• Nothing you're seeing in that top bar was just thrown in. This design wasn't thrown together in a weekend. It wasn't haphazardly cobbled together. It was talked about and researched. The team looked at traffic, data, heatmaps and so on. The team that worked on this did it with great care. If you have a problem with a decision they made, that's fine. Voice it. Just do it professionally.
  • Remember this is the first step and more steps will happen. At some point though you have to make the jump, learn and grow.
  • The top-bar's purpose is to be a quick overview of what's happening to you on Stack Exchange and the community you are currently on. It isn't suppose to do everything.

Now onto some specific items:

The Log Out Link

Problem: I don't like the log out link being in the Site Switcher.

In the mobile-first world we live in now, space is becoming tighter and tighter. In the previous top-bar, we were burying better content about the user's community and network involvement for a link used sometimes. It is important to provide easy access to a log out for users, but it doesn't have to demand primary position in a website utility bar.

If your argument is that the current location of the log-out link seems a bit unintuitive, then I agree with you. I wasn't personally involved with this project. I know the team that was and I know they worked hard on it. Yet I do agree that with the suggestion in this thread that log-out functionality typically is associated with the user and not within a Site Switcher. Stack Overflow is a bit of a different use case because of it's relationship to other Stack Exchange communities, but it's still a valid point.

I don't think it should hold a primary position within a utility bar, but I also don't think it should be buried within a user setting page or placed in an unintuitive place. Moving the link one click away in a logical place is a fine solution .

Chat & Blog Links

Problem: I didn't think to look under the Stack Exchange logo for the Stack Overflow blog and chat links.

Yes, I would agree that the blog link here doesn't make a ton of sense, but I would also say that having a blog link in a utility bar makes less sense. This bar is about the user and their activity. The blog is about Stack Exchange and what it's doing. You might be interested in the blog, but it's not directly about you. So, again, why should that have primary placement in the bar?

The problem with its current placement is that I mentally make the association that the "blog" link next to Stack Overflow (or any community name) will take me to a specific community blog. It just takes me to the Stack Exchange blog no matter what community I'm on. That's a miss.

I would suggest removing the Blog link from next to the respective SE community. If you want to visit the SE blog, you could click on the right-sidebar Bulletin announcement area or go to the footer for it. Again, it's not a primary action. It's content about Stack Exchange from the team that they want to share. It's not about your activity as a user. Another solution would be to maintain a place for it in the Site Switcher, but have it associated more with the Stack Exchange website. Where and how this would be done would have to be explored.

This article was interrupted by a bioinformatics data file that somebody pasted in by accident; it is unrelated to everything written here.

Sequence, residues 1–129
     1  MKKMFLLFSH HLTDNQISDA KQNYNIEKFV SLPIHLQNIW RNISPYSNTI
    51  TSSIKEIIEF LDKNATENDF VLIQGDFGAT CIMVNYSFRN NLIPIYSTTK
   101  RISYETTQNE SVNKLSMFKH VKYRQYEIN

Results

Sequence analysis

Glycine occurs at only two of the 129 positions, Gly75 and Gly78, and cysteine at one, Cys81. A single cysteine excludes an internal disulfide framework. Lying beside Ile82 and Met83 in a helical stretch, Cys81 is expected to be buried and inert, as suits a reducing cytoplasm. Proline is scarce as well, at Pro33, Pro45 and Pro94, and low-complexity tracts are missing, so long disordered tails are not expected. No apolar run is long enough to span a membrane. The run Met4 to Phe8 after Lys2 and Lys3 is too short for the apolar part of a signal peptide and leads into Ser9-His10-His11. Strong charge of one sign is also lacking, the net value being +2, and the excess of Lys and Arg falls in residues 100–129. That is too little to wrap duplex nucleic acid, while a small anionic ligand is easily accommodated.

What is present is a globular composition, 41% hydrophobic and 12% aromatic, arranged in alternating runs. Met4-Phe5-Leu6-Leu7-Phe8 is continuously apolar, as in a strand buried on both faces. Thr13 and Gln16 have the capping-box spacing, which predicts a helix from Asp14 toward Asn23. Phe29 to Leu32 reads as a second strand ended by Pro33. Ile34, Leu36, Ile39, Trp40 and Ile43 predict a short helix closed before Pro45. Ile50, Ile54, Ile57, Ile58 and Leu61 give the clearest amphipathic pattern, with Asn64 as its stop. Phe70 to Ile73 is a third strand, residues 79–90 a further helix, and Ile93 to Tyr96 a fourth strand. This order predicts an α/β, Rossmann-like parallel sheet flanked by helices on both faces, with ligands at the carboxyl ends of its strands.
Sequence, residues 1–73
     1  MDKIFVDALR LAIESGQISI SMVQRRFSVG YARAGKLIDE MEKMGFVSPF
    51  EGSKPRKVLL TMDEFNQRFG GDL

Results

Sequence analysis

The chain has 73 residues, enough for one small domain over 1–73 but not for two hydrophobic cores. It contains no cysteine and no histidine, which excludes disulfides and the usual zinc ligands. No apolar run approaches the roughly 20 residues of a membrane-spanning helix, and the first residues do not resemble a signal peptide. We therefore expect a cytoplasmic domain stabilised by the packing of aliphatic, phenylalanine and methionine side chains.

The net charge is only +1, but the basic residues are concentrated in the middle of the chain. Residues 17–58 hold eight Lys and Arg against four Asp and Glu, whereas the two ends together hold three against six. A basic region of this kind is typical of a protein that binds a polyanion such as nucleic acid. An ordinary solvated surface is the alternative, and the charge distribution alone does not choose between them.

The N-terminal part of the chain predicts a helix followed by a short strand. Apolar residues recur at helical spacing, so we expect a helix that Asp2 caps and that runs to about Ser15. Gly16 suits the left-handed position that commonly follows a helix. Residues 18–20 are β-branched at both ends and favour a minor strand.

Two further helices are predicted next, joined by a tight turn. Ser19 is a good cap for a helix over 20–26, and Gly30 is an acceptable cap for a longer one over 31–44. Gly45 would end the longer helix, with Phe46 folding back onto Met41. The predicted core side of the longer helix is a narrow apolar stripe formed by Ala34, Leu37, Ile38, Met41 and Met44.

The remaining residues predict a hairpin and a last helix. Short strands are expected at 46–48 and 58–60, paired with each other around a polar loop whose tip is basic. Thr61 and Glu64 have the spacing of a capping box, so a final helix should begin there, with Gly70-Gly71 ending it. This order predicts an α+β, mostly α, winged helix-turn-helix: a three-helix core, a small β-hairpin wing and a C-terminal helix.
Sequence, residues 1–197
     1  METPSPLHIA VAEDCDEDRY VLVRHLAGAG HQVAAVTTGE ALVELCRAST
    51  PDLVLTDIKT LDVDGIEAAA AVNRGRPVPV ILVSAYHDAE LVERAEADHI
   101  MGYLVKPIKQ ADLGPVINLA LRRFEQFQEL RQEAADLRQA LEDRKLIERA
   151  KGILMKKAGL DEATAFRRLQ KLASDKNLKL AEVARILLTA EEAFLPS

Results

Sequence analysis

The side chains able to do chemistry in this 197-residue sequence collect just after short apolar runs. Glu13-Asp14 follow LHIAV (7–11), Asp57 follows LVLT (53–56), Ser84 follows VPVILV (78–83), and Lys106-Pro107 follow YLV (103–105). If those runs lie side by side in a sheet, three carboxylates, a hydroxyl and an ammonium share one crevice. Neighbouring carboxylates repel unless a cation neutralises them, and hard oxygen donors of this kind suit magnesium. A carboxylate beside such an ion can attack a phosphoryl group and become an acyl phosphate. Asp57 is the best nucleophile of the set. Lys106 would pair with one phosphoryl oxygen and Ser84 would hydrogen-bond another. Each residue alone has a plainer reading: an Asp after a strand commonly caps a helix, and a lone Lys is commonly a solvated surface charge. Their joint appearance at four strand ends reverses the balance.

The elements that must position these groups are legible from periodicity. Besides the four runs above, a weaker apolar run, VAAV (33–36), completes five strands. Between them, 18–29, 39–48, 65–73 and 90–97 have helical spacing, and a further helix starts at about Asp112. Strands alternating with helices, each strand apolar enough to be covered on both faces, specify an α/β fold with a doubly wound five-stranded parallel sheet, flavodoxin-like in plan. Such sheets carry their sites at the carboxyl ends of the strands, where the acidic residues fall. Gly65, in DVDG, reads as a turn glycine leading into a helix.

The Chat links make a lot of sense being where they are now in my opinion. For those people who want to more actively engage, it's a great place to go. A lot of people though just want to come ask, answer or read questions.

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    I'm pretty much with you on the UI for reasonably experienced users - as much as people like to complain, I suspect they'll learn to deal with an extra click to get to chat - but do you think the tucked-away chat link is reasonably discoverable for newer users? – Cascabel Dec 5 '13 at 7:44
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    @Hynes re: the blog link, we have sites that run their own community blogs (example). On those sites the blog link in the site switcher goes to that blog, not to the company SE blog. – Adam Lear Dec 5 '13 at 19:59
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    @AnnaLear Fair enough. I would say in those situations, keep a blog link next to the community name like it currently is. You are establishing a presenting a confusing mental model though by having the link go to one type of area (a community blog) sometimes and then going to another type of area (SE general blog) other times without anything denoting when those instances are. – Hynes Dec 5 '13 at 20:12
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    @Hynes I think this would be a bit cleaner if MSO wasn't both the site meta and the network meta. It's a bit of a stretch, but I can see the argument for the company blog being effectively the community blog for a network-wide meta. – Adam Lear Dec 5 '13 at 20:14
  • @AnnaLear Eh, maybe. It's still confusing because I don't know what I'm going to get. At least let me know why I'm on the SE network blog versus a community blog (one isn't set up yet, not allowed yet, etc). And then present options to the user to either continue to the SE blog or maybe let them know what it will take in order for a community they enjoy to get their own blog. Also, StackOverflow doesn't have it's own blog? – Hynes Dec 5 '13 at 20:21
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    Yeah, I definitely see your point. Stack Overflow doesn't have a blog although folks have asked to set one up before (somewhere here on meta). – Adam Lear Dec 5 '13 at 20:29
  • @Hynes Agreed on the blog point. We may be adding a stack exchange box to the site switcher that would fix these inconsistencies, mostly because it looks like the stack exchange network is going to get a separate meta. The way the site switcher is currently structured there would be no where to put that link. – Jeremy T Dec 20 '13 at 16:41